We also recommend that you keep dye tools and utensils separate from kitchen tools and work with plenty of ventilation. Alum may be safely disposed in a municipal water system by pouring down the drain. Do not dispose of in waterways or drains that flow into waterways.

WHAT YOU WILL NEED:

This list of ingredients is for 100 grams (4 ounces) of fiber, and with 20% aluminum sulfate for a deeper shade. Adjust the amount of materials as necessary, per the percentage guidelines above.

  • 100 grams/4 ounces fiber
  • 20 grams/.8 ounces/1 rounded Tablespoon + 1 teaspoon of aluminum sulfate
  • A container to dissolve the aluminum sulfate
  • A large stainless steel dye pot
  • Heat source
  • Optional: 6 grams/.25 ounces/1 1/4 teaspoons cream of tartar
  • Dye rings (if dyeing skeins)

How to mordant

Instructions:

Measure the aluminum sulfate and pour it into a container that you can pour hot water into and mix it. Bring about a cup of water to a boil, and pour it into the container to dissolve the aluminum sulfate. If using cream of tartar, dissolve separately.

Fill a dye pot with room temperature water, and place on a heat source, then add the dissolved aluminum sulfate and cream of tartar to the pot and stir well.

How to mordant

Add the fiber to the pot, rotating the fibers gently. Make sure there are no bubbles under fabric folds, or that any yarn is floating. Slowly bring the temperature up to 180°F and hold for 45 minutes. Rotate the fibers occasionally and gently.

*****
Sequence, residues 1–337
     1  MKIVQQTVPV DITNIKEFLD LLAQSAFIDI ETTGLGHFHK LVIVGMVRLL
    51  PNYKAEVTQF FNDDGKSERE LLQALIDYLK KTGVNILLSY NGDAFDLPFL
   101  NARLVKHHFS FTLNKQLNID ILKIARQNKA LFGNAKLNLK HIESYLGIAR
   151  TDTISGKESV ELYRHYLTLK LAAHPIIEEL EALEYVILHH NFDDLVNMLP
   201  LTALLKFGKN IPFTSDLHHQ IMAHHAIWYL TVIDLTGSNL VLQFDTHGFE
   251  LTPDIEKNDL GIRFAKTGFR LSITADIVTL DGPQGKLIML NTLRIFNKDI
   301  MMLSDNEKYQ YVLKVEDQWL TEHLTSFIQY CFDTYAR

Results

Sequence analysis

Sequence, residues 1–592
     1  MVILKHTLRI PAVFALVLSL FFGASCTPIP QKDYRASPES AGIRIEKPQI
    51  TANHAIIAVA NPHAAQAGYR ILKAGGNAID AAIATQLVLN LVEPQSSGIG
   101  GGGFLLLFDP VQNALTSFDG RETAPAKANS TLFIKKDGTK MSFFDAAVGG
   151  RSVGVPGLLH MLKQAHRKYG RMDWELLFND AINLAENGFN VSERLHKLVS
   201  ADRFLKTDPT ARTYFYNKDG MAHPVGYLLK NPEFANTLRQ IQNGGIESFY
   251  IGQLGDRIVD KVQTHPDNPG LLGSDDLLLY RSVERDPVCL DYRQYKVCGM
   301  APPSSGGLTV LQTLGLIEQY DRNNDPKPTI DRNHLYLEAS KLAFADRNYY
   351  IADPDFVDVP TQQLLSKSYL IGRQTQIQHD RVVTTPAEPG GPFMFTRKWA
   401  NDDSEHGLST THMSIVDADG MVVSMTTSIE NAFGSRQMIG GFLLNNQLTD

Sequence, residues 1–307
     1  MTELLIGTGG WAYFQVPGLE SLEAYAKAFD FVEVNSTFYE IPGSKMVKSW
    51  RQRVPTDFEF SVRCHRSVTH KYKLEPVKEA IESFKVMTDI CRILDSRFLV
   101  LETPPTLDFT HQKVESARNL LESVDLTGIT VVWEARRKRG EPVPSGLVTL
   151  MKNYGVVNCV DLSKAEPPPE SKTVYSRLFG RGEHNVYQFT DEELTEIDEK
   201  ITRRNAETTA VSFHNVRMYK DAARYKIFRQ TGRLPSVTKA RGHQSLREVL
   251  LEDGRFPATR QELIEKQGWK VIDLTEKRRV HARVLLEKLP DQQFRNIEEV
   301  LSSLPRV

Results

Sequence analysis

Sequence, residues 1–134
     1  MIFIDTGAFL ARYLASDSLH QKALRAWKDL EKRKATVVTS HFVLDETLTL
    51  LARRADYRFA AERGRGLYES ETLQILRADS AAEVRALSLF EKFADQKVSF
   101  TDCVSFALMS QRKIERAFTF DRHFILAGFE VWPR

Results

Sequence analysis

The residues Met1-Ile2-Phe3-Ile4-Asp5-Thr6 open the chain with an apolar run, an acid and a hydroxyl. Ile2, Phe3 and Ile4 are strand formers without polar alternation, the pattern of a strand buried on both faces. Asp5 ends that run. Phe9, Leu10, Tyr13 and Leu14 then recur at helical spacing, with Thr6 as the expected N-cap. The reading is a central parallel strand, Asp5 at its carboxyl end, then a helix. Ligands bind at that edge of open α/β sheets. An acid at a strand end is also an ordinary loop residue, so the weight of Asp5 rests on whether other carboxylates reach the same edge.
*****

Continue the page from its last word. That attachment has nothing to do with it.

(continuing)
How to mordant

Allow to cool briefly, and then remove fibers from the dye pot. You may also leave the fibers in the mordant solution overnight to cool, then remove excess water. Some dyers feel this increases the depth of shade in the finished piece.

Rinse in similar temperature water, remove excess water from the fibers, and proceed to dyeing.

Reusing the mordant bath to save water and alum

Many dyers will reuse their alum bath for multiple mordant sessions to save water and mordant. You may reuse aluminum sulfate baths at least twice. (And one customer reuses her alum bath up to 7 times!) To recharge the bath, add about 25% additional dissolved alum, or 1 additional teaspoon per 100 grams of fiber, stir and mordant as above. If you observe excessive cloudiness or large flakes floating in the bath, it is time to change it.

Storing mordanted fibers

Mordanted fibers may be stored damp in a plastic bag and refrigerated for 3-5 days and cured or aged, as this also seems to increase the depth of shade in the dyed fibers. Curing normally produces a deeper color, but be aware that fibers mordanted with alum and cream of tartar can get moldy if they are stored longer than a week while damp. For longer storage, mordanted fibers may be air dried and stored for future use. Label and store your mordanted fiber and keep it away from dust or dye powders, as it is vulnerable to staining. My unscientific experiments show that mordanted animal fibers hold the mordant for 5+ years, while silk seems to hold it for about a year or two.